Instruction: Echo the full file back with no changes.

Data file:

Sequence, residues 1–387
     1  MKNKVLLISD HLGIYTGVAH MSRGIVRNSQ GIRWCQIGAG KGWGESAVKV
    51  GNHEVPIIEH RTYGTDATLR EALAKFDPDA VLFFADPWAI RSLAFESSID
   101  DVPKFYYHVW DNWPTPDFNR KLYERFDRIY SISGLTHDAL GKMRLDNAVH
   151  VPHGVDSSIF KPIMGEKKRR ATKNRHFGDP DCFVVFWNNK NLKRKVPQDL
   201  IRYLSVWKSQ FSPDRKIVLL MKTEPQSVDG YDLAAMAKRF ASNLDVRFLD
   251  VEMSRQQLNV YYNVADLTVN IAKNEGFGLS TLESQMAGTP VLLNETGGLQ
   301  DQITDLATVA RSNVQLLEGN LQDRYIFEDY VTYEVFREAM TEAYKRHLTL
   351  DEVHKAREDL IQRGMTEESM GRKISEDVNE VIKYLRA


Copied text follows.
Sequence, residues 1–387
     1  MKNKVLLISD HLGIYTGVAH MSRGIVRNSQ GIRWCQIGAG KGWGESAVKV
    51  GNHEVPIIEH RTYGTDATLR EALAKFDPDA VLFFADPWAI RSLAFESSID
   101  DVPKFYYHVW DNWPTPDFNR KLYERFDRIY SISGLTHDAL GKMRLDNAVH
   151  VPHGVDSSIF KPIMGEKKRR ATKNRHFGDP DCFVVFWNNK NLKRKVPQDL
   201  IRYLSVWKSQ FSPDRKIVLL MKTEPQSVDG YDLAAMAKRF ASNLDVRFLD
   251  VEMSRQQLNV YYNVADLTVN IAKNEGFGLS TLESQMAGTP VLLNETGGLQ
   301  DQITDLATVA RSNVQLLEGN LQDRYIFEDY VTYEVFREAM TEAYKRHLTL
   351  DEVHKAREDL IQRGMTEESM GRKISEDVNE VIKYLRA